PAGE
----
There have been a few shockwaves across the NBA. But the Sixers have essentially bowed out of possible major acquisitions involving marquis names like Bradley Beal, Kristaps Porzingis, and Jordan Poole.
All three of those stars were recently on the move, possibly for trade prices the Sixers (who possess a 2029 first-round pick and up to six second-round picks) could have afforded.
Fans who would have liked Daryl Morey and co. to have at least entered the market on one or two of those names above (as well as perhaps one name on the horizon like Damian Lillard) understand that any such shakeup would likely involve Tobias Harris and his now expiring $39.27M contract.
Harris was acquired by the Sixers back in 2019 via trade by the former Elton Brand “led” front office. (We’ve since learned Brand wasn’t a traditional final say decision maker in those days.)
Yaron Weitzman’s book “Tanking to the Top” offers a description of the scene before Tobias was acquired in February of 2019:
“After the game [Brett] Brown was pulled into a room in the Wells Fargo Center. Brand, [Managing Partner Josh] Harris, his partner David Blitzer, CEO Scott O’Neil, and [former team analytics lead Alex] Rucker were already seated.”
Former head coach Brett Brown would later recall “…[trading for Harris] was a unanimous thumbs up.”
That following summer the team paid the Tennessee product $180M over five years.
We’re now entering that fifth year (crazy isn’t it?) and as reports suggest “there’s nothing imminent,” on the Tobias Harris trade market.
It also sounds like Harris’ agent, Torrel Harris, the 12 year veteran’s father, wouldn’t mind seeing a change of scenery for his son.
Torrel Harris is the CEO of Unique Sports Management International. On a recent episode of the “Business of Sports” podcast, hosted by Bloomberg’s Michael Barr and Damian Sassower, the agent was asked if the 76ers have been utilizing the forward effectively:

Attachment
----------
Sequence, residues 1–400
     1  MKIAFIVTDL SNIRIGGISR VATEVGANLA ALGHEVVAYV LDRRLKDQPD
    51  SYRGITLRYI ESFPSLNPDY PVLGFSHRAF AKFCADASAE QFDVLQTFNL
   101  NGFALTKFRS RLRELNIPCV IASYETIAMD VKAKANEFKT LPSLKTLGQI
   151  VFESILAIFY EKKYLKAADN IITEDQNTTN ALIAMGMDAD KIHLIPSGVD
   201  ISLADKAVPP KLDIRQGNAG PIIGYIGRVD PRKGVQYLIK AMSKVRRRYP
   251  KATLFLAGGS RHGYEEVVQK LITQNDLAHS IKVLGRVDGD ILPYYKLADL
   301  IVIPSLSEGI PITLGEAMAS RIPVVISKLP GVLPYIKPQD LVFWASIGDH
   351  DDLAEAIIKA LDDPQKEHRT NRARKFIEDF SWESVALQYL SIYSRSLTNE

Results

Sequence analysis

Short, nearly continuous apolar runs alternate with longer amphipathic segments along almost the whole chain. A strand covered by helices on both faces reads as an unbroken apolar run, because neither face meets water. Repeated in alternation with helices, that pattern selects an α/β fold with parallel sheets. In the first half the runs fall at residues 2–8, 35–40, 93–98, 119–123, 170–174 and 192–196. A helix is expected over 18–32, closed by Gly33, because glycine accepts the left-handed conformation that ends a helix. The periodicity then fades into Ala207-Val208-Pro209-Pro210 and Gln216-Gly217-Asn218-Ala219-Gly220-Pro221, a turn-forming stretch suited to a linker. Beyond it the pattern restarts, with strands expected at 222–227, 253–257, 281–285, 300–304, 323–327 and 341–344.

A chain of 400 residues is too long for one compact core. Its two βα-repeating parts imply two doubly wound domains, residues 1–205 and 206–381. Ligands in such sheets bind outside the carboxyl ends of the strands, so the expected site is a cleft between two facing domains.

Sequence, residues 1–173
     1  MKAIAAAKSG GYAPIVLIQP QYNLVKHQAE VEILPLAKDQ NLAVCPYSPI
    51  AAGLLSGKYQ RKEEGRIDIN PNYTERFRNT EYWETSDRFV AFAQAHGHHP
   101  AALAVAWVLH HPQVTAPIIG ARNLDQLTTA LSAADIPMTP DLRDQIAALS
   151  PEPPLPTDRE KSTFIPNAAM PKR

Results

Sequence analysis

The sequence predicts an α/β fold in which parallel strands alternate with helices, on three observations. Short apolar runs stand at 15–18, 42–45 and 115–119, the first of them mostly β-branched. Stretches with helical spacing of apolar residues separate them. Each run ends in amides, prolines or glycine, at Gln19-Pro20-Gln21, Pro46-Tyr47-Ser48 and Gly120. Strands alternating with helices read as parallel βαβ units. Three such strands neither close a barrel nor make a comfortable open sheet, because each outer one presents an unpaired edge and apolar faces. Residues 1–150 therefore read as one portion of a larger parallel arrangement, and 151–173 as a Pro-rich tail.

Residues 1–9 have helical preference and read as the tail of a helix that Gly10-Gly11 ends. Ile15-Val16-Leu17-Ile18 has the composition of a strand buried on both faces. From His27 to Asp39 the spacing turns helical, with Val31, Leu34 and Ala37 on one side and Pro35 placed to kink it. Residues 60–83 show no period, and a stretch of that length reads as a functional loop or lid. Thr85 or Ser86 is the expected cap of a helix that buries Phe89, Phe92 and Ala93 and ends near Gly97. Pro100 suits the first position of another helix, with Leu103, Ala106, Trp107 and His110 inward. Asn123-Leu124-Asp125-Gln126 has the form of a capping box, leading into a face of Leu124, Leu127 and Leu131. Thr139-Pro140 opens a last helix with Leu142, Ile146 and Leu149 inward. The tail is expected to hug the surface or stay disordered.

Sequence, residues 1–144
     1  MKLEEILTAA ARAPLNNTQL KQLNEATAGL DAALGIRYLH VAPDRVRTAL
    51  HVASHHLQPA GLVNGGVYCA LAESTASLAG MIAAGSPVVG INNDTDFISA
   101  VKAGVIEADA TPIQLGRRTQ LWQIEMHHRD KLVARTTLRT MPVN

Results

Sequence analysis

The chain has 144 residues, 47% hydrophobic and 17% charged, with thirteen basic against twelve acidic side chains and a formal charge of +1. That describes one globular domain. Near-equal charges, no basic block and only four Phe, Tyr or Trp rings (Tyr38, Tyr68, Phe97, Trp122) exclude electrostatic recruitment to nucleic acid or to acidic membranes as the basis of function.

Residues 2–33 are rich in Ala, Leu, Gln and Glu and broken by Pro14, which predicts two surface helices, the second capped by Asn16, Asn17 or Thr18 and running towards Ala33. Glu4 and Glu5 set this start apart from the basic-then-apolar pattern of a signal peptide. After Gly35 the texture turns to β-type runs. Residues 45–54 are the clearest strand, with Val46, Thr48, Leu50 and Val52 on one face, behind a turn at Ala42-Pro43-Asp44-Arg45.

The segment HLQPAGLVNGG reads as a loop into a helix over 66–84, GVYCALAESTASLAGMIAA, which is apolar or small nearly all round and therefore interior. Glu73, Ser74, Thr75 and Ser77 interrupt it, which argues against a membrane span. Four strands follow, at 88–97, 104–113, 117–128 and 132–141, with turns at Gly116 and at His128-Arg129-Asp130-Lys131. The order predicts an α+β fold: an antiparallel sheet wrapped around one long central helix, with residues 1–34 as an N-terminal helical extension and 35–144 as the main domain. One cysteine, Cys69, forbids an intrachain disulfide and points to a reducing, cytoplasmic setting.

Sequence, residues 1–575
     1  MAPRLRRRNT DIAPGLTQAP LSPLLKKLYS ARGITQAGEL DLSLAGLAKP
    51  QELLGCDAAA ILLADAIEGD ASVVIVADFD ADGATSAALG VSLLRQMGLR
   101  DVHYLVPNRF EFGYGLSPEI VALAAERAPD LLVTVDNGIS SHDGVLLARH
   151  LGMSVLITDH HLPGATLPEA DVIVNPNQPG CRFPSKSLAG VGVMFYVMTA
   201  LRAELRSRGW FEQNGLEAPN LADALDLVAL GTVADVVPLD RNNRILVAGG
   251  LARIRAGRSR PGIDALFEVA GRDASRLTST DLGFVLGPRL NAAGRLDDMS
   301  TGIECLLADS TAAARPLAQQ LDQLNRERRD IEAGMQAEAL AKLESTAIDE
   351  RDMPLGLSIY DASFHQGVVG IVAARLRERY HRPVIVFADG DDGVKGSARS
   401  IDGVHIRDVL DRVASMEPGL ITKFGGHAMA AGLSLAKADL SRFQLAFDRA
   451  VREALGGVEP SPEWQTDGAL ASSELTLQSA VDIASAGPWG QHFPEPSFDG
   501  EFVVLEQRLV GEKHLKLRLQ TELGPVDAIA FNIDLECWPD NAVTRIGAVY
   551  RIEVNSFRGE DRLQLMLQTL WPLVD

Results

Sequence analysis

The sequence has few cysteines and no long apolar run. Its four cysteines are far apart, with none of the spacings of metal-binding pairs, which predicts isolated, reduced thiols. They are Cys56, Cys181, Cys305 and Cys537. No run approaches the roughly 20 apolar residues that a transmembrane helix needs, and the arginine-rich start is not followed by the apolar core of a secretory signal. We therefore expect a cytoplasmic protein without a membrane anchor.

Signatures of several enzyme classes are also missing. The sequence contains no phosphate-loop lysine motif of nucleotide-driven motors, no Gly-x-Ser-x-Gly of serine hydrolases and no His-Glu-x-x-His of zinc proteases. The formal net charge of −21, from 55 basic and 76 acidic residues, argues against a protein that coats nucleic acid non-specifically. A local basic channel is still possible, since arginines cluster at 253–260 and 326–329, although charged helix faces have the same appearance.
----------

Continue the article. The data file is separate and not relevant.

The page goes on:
“Barr: “I’m probably gonna get in trouble with the 76ers and the league here, do they use your son the way they should?”
Torrel Harris: “Personally, I don’t think so. The reason I say that, well Tobias is an assassin scorer. I mean they can’t stop him. Nobody in the league can stop him. So he’s proven that over his career even when he was with the Clippers he was an assassin scorer....
“And then [L.A.] traded him ’cause they got too good [and wanted to pivot to the Draft Lottery]. They offered us $80M, I turned down the $80M. They said ‘wow what are you looking for?’ I said ‘I want about $35M a year and they’re like ‘what? — I said ‘yeah, $35M a year. [They] said ‘well, we’re not gonna pay you that.’ So they traded him to the Sixers. Ever since [then] the Sixers,’ they put him in the corner.”
Harris wound up getting his client a fully guaranteed ($36M annually) five year almost-max from Philadelphia.
Harris has averaged 17.7 points, 6.6 rebounds and 3.1 assists as a Sixer in regular season games. That comes on 49-37-85 shooting splits. Dude’s been an ironman in Philly too, never missing more than 9 games in any season he’s been here.
As Jake Fischer recently put it, Tobias is “super respected by everyone in that organization.”